As Division Chief, Dr. Casalino Will Lead Efforts to Improve Quality and Efficiency of Clinical Care
Nov 4, 2008
Dr. Lawrence P. Casalino has been named chief of the Division of Outcomes and Effectiveness Research in the Department of Public Health at Weill Cornell Medical College and NewYork-Presbyterian Hospital/Weill Cornell Medical Center. The Division focuses on evaluating the quality and efficiency of clinical care and of organized interventions to improve care, with the goal of developing sound health care systems and policies.
"I am very happy that Dr. Casalino has joined us to head the Division of Outcomes and Effectiveness Research," says Dr. Alvin I. Mushlin, the Nanette Laitman Professor of Public Health, professor of medicine, and chairman of the Department of Public Health. "His scholarship and extensive accomplishments in the field of health services research make him strongly suited to expand the scope and activities of the division, and to lead it forward."
Dr. Casalino's research focus is patient safety and quality, managed care, and health care disparities. His current projects include evaluating chronic disease management in small medical groups and physician organizations, the transformation of safety-net clinics into medical homes where patient care is coordinated, physician practice performance and health system improvement initiatives.
"I look forward to working with Dr. Mushlin and colleagues to further the excellent work being done by the Division of Outcomes and Effectiveness Research. One focus will be strengthening ties to the clinical programs of NewYork-Presbyterian and Weill Cornell Medical College," says Dr. Casalino. "We will also continue to encourage and support clinical outcomes research at this medical center, throughout the NewYork-Presbyterian Healthcare System and together with public health research initiatives nationally."
As part of his efforts, Dr. Casalino will recruit additional faculty and staff members to the Division.
Dr. Casalino holds a B.A. degree in philosophy from Boston College; an M.D. from the University of California at San Francisco; and an M.P.H. and a Ph.D. in health services research from the University of California at Berkeley. He comes to NewYork-Presbyterian/Weill Cornell from the University of Chicago Department of Health Studies, where he was associate professor, and before that, assistant professor. Previously, he worked for 20 years as a family physician in private practice in Half Moon Bay, Calif.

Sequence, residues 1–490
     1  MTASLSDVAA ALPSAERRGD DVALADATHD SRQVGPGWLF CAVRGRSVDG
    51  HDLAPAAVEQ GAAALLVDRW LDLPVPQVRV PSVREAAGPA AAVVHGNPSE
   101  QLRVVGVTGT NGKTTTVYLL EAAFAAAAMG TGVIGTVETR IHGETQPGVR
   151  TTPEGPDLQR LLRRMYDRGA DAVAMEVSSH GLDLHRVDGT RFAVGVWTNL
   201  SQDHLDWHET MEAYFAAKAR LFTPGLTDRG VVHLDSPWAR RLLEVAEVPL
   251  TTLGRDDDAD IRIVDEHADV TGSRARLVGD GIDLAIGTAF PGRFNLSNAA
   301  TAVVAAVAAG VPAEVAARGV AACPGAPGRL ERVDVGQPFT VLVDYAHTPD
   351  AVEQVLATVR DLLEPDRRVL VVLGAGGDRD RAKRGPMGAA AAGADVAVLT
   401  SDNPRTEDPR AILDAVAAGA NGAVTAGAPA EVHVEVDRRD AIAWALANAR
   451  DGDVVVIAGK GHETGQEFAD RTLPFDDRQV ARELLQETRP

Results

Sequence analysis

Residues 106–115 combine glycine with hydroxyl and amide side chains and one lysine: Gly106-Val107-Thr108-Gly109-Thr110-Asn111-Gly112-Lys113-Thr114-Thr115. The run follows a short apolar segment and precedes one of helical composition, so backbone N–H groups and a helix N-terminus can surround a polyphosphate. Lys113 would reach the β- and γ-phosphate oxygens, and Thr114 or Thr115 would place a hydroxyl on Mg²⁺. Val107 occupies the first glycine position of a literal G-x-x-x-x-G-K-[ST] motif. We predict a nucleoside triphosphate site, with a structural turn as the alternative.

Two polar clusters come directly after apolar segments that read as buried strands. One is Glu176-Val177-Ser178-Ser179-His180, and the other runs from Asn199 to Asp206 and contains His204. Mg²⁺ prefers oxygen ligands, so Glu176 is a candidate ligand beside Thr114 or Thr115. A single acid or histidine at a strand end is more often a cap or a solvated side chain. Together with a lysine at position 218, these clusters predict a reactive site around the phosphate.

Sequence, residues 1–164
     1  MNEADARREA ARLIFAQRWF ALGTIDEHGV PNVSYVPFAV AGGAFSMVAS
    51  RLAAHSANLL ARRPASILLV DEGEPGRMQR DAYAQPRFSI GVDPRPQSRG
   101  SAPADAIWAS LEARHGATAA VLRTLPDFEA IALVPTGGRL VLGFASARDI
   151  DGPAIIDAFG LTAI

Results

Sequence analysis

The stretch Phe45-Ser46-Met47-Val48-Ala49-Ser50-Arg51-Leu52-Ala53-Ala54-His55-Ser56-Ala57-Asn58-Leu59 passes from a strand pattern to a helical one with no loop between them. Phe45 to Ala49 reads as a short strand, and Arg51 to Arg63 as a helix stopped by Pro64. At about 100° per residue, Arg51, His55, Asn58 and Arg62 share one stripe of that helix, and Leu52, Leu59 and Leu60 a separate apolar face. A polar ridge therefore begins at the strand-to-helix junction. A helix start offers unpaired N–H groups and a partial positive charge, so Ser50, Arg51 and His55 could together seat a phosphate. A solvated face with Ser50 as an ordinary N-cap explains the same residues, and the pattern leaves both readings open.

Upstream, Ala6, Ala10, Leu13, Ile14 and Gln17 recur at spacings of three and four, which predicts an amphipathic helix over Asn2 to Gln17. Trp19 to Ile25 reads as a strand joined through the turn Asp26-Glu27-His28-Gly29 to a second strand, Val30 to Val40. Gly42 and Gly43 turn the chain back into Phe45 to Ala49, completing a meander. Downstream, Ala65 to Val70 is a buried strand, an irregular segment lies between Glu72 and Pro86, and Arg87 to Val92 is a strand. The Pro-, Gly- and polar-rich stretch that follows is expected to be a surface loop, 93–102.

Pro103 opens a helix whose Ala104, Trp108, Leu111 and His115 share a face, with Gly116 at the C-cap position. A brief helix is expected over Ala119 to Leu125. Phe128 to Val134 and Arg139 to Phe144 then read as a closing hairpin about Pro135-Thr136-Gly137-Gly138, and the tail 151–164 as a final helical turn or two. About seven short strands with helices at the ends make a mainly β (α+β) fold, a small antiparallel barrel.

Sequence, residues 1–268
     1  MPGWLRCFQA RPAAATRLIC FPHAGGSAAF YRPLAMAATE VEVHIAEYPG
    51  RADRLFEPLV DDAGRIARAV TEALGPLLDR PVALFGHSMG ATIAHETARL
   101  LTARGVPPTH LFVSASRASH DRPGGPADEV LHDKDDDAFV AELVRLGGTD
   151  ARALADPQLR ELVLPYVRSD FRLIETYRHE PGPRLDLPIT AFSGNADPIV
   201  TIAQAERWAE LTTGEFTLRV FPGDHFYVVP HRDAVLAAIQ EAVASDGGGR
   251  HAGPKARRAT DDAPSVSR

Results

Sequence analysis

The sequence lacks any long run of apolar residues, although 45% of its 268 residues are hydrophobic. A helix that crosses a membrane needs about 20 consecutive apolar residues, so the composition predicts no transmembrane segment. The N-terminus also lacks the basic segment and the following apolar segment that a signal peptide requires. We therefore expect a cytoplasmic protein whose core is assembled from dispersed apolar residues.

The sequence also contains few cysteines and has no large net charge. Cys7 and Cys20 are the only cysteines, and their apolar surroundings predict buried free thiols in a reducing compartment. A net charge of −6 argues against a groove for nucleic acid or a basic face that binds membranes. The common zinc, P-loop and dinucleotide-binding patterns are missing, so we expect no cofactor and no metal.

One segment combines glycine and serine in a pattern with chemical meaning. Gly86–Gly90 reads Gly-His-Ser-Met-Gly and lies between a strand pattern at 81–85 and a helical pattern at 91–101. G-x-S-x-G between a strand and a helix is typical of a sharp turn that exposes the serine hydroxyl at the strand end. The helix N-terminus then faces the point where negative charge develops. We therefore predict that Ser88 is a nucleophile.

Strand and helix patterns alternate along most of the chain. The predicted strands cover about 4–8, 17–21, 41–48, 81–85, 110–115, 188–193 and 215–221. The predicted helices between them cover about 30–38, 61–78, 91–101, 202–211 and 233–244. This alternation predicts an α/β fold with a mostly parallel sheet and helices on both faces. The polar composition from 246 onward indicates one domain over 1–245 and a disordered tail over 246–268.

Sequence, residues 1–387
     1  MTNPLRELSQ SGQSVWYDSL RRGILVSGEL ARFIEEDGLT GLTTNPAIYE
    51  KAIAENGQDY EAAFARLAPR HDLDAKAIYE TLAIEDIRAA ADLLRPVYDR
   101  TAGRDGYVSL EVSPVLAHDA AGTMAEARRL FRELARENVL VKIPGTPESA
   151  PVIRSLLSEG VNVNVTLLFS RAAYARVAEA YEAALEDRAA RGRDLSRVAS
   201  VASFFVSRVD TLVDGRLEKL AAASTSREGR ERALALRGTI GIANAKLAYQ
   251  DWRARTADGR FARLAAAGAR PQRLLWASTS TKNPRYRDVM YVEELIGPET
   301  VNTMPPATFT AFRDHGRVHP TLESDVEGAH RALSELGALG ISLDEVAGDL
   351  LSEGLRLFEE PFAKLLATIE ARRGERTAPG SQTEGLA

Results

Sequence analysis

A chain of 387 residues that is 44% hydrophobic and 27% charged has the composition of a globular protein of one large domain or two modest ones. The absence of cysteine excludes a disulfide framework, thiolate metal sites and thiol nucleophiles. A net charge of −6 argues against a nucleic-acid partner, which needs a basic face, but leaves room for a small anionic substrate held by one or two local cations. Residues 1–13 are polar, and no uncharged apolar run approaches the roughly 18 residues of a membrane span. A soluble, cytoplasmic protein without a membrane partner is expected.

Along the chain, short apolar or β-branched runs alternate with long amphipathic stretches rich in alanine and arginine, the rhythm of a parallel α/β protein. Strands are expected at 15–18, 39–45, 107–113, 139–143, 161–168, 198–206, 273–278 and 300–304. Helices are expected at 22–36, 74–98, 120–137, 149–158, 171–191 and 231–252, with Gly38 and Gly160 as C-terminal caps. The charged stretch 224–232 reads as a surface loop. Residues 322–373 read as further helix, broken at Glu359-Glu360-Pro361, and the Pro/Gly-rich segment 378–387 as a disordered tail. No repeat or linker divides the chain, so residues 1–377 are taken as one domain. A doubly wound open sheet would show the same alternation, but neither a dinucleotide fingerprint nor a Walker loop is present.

He is the recipient of a prestigious Investigator Award in Health Policy Research from the Robert Wood Johnson Foundation, and has been funded by government and private organizations, including the Commonwealth Fund and the U.S. Agency for Healthcare Research and Quality. In addition to his research activities, Dr. Casalino has directed a required course in the social context of medicine for first-year medical students and has developed other courses for medical and graduate students in a variety of disciplines, including law, business, public policy, and sociology. He serves on a large number of advisory boards and expert panels, and as a reviewer for many medical and policy journals. He has published nearly 50 articles in leading journals and written 16 book chapters, monographs and reports.
Dr. Casalino was born in Jersey City, New Jersey and lives with his wife, the poet Mary Margaret Sloan in Manhattan.
NewYork-Presbyterian Hospital/Weill Cornell Medical Center
NewYork-Presbyterian Hospital/Weill Cornell Medical Center, located in New York City, is one of the leading academic medical centers in the world, comprising the teaching hospital NewYork-Presbyterian and Weill Cornell Medical College, the medical school of Cornell University. NewYork-Presbyterian/Weill Cornell provides state-of-the-art inpatient, ambulatory and preventive care in all areas of medicine, and is committed to excellence in patient care, education, research and community service. Weill Cornell physician-scientists have been responsible for many medical advances — from the development of the Pap test for cervical cancer to the synthesis of penicillin, the first successful embryo-biopsy pregnancy and birth in the U.S., the first clinical trial for gene therapy for Parkinson's disease, the first indication of bone marrow's critical role in tumor growth, and, most recently, the world's first successful use of deep brain stimulation to treat a minimally-conscious brain-injured patient. NewYork-Presbyterian, which is ranked sixth on the U.S.News & World Report list of top hospitals, also comprises NewYork-Presbyterian Hospital/Columbia University Medical Center, Morgan Stanley Children's Hospital of NewYork-Presbyterian, NewYork-Presbyterian Hospital/Westchester Division and NewYork-Presbyterian Hospital/The Allen Pavilion. Weill Cornell Medical College is the first U.S. medical college to offer a medical degree overseas and maintains a strong global presence in Austria, Brazil, Haiti, Tanzania, Turkey and Qatar. For more information, visit www.med.cornell.edu.